Popular periodicals played an indispensable role in the print industry and popular culture in the modern Sinophone world. The tabloids, evening newspapers, sanrikan (‘three-day journals’ – publications which appeared twice a week), weeklies, pictorials and other magazines that were mass-produced and widely circulated in the Guangzhou-Hong Kong-Macau area from the turn of the 20th century onwards present a window not only to Lingnan tradition, Cantonese customs, folk literature, regional commences, cultural activities, the latest fashion and the new ideas of the era, but also to the life and expressions of Cantonese diaspora sojourning in Chinatowns across North and South America, Europe, Nanyang (South-east Asia) and anywhere else they found themselves. They offer vital insights to understanding the heritage of the Pearl River Delta, from which Hong Kong originally derived its popular culture, and the networks of Cantonese culture established around the world.
With the advent of digital humanities, periodical studies have flourished. Numerous databases have established in the past few decades, some on a national scale, such as the Quanguo Baokan Suoyin and Dacheng Old Journals Full-text Database, others with a regional focus, such as the CUHK Digital Repository-Hong Kong Early Tabloid Newspapers and Macau Memory. These collections provide invaluable channels for researchers, including ourselves, to study primary materials. Yet what seems to have been missing until now is a platform that can bridge today’s national and regional administrative boundaries and offer a cross-border ‘Cantonese culture’ take. Until the end of the first half of the last century, there existed between the cities of Guangzhou, Hong Kong and Macau, a constant sharing of authors, cross-border advertisements, overlapping distribution networks and common cultural icons. The historical specificities these presented were the impetus for us to create this website. By building on the works of previous researchers and librarians, we have collected information about popular periodicals stored in various databases, libraries in Hong Kong, Macau and the United Kingdom and private collections to put together the 80 entries found on this site and which together offer a rich expression of a ‘Cantonese cultural region’.
While the contents and styles of these periodicals vary widely, each one meets at least one of the following criteria:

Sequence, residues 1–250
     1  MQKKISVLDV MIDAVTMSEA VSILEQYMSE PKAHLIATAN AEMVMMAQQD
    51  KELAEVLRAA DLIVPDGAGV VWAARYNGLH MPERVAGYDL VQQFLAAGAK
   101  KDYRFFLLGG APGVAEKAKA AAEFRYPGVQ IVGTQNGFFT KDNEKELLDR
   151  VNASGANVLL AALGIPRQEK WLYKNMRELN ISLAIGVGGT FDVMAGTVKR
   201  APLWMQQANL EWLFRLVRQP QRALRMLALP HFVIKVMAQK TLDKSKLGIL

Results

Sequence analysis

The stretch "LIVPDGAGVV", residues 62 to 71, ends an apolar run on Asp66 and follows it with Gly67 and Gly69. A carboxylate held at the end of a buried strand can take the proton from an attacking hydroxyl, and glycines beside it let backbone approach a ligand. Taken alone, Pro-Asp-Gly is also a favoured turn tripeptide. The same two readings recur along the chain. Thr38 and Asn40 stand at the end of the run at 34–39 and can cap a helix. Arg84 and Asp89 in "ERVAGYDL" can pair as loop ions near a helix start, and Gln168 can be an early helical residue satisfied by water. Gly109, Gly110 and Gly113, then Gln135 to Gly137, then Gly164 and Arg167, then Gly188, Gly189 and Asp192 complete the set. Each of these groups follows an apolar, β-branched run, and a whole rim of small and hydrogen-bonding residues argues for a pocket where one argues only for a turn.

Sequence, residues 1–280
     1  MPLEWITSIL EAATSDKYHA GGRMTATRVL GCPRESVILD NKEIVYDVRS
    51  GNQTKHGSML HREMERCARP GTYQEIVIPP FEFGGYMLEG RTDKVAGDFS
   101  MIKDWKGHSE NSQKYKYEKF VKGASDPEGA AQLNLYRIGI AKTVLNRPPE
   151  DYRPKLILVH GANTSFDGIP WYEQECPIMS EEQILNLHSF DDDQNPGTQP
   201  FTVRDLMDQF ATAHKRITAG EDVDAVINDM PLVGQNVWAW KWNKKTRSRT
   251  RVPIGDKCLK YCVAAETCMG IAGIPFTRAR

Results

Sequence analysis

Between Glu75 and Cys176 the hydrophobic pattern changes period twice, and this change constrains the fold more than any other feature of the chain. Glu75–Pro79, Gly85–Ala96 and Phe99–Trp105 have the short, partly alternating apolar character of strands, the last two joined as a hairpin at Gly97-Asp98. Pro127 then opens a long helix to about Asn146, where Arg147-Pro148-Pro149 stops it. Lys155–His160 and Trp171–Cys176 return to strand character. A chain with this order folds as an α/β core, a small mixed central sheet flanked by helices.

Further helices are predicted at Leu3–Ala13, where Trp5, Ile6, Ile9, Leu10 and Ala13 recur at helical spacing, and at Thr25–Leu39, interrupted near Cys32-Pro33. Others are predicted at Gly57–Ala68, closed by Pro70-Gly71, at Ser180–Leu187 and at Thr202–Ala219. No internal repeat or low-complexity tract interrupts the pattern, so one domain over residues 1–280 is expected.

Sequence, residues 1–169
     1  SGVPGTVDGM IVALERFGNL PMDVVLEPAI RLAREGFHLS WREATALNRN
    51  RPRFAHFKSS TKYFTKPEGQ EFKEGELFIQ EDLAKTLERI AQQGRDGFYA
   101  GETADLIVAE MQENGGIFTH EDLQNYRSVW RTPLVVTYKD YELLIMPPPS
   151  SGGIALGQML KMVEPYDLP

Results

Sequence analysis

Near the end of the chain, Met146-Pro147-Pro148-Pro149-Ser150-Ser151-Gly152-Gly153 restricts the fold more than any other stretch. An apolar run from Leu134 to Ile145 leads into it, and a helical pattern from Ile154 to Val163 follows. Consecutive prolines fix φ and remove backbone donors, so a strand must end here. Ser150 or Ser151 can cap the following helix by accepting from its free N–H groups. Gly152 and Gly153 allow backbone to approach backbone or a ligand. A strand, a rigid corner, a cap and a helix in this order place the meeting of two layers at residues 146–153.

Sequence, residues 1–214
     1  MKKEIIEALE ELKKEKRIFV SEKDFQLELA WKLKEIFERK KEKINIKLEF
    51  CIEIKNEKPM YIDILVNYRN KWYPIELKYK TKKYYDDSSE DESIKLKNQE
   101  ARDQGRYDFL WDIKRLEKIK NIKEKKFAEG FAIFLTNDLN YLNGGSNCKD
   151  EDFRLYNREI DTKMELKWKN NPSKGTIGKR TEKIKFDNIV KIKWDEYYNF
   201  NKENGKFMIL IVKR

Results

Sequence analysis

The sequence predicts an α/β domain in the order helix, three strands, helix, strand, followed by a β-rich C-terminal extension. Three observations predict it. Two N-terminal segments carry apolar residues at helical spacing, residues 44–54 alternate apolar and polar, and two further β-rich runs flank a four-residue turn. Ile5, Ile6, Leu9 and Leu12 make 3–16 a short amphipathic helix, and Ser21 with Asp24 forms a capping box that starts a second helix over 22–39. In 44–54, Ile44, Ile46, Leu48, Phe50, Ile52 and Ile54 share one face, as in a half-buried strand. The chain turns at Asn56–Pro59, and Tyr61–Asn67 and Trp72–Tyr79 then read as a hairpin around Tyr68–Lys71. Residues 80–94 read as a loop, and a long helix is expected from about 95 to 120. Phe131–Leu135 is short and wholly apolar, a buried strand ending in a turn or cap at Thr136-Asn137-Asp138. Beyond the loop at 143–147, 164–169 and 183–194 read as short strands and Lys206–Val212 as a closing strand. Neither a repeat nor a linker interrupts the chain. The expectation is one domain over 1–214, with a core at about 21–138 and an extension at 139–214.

1. Having significance as a Cantonese popular culture periodical.
2. Having editors and contributors who played a notable role in one or more of the Hong Kong, Guangzhou or Macau cultural industries.
3. Showing the diversity of Cantonese popular culture.
Our selection is not limited to periodicals published in Guangzhou, Hong Kong or Macau. Also included are a few magazines or pictorials from Shantou, featured to display the area’s own character as part of the Chaoshan (Teo-Swa) culture which has long been a distinctive part of Cantonese culture. Another significant non-metropolitan journal was the ‘hometown magazine’ Hing Mee Monthly, published for nearly ten years in the small village of Hengmei in Zhongshan, but distributed as far off as Cuba. Our selection also includes a few magazines published by Xierong Yinshuguan (Co-prosperous Publishing) during Japan’s occupation of Hong Kong. Though heavily coloured by propaganda, they offer valuable insights into how Cantonese customs and Hong Kong’s cultural industries responded to the demands of that period.
We hope that this website can provide an integrated, accessible platform for researchers and the public to explore the many popular Cantonese periodicals now collected at different locations. Even better would be if it inspired further research, particularly in the (re)discovery, conservation and digitization of these periodicals!
Nga Li Lam (PhD in Humanities, HKUST) has research interest in Shanghai and Cantonese popular culture.
Charmaine Hui (BA in English and Comparative Literature, HKU; MA in European Cultural Policy and Management, University of Warwick; PhD in Architecture, CUHK) has research interest in the conservation of architecture, cultural and creative industries and creative cities.
Emily Chau (PhD in Chinese Language and Literature, CUHK) has research interest in topography, periodical studies, and food and drink in literature. Her publications include Dishes in Books (shizican zhuo), and the co-edited first and second volumes of Overprinting: Walks in the Landscape of Hong Kong Literature (dieyin: manbu Xianggang wenxue dijing).
Cleo Lai (PhD in Humanities, Literature Major) has research interest in Hong Kong and Taiwan popular literature and culture. She is the author of Cultural Hybrids: A study of Hong Kong Romance Novel in the 1950s. (wen hua zajiao: xiang gangwulingnian daiyan qing xiao shuoyan jiu).
We would like to express our thanks to the following institutions and individuals:
Lord Wilson Heritage Trust
Department of Chinese, The Hang Seng University of Hong Kong
The University of Hong Kong Libraries
Chinese University of Hong Kong Library
The Robert H. N. Ho Family Foundation Hong Kong
Department of Public Library Management of the Cultural Affairs Bureau of the Macao S.A.R. Government
Hong Kong Public Libraries
Ng Ho's Facebook Page
Sarjana Design Studio
We are seeking funding and collaboration partners for the next phase of our project. Contact us ([email protected]) to know more!